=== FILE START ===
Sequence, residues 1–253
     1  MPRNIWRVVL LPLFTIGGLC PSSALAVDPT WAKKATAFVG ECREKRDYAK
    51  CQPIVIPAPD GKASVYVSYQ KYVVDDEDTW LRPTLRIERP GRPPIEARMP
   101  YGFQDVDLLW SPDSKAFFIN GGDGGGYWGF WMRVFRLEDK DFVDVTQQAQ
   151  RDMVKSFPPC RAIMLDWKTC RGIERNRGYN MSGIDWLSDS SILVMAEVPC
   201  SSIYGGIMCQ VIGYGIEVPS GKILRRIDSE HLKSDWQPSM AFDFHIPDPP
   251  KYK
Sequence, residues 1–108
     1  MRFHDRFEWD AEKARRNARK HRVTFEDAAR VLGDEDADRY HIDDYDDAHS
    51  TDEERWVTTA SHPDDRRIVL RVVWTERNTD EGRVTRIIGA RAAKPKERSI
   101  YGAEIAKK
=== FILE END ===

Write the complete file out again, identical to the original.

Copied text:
Sequence, residues 1–253
     1  MPRNIWRVVL LPLFTIGGLC PSSALAVDPT WAKKATAFVG ECREKRDYAK
    51  CQPIVIPAPD GKASVYVSYQ KYVVDDEDTW LRPTLRIERP GRPPIEARMP
   101  YGFQDVDLLW SPDSKAFFIN GGDGGGYWGF WMRVFRLEDK DFVDVTQQAQ
   151  RDMVKSFPPC RAIMLDWKTC RGIERNRGYN MSGIDWLSDS SILVMAEVPC
   201  SSIYGGIMCQ VIGYGIEVPS GKILRRIDSE HLKSDWQPSM AFDFHIPDPP
   251  KYK
Sequence, residues 1–108
     1  MRFHDRFEWD AEKARRNARK HRVTFEDAAR VLGDEDADRY HIDDYDDAHS
    51  TDEERWVTTA SHPDDRRIVL RVVWTERNTD EGRVTRIIGA RAAKPKERSI
   101  YGAEIAKK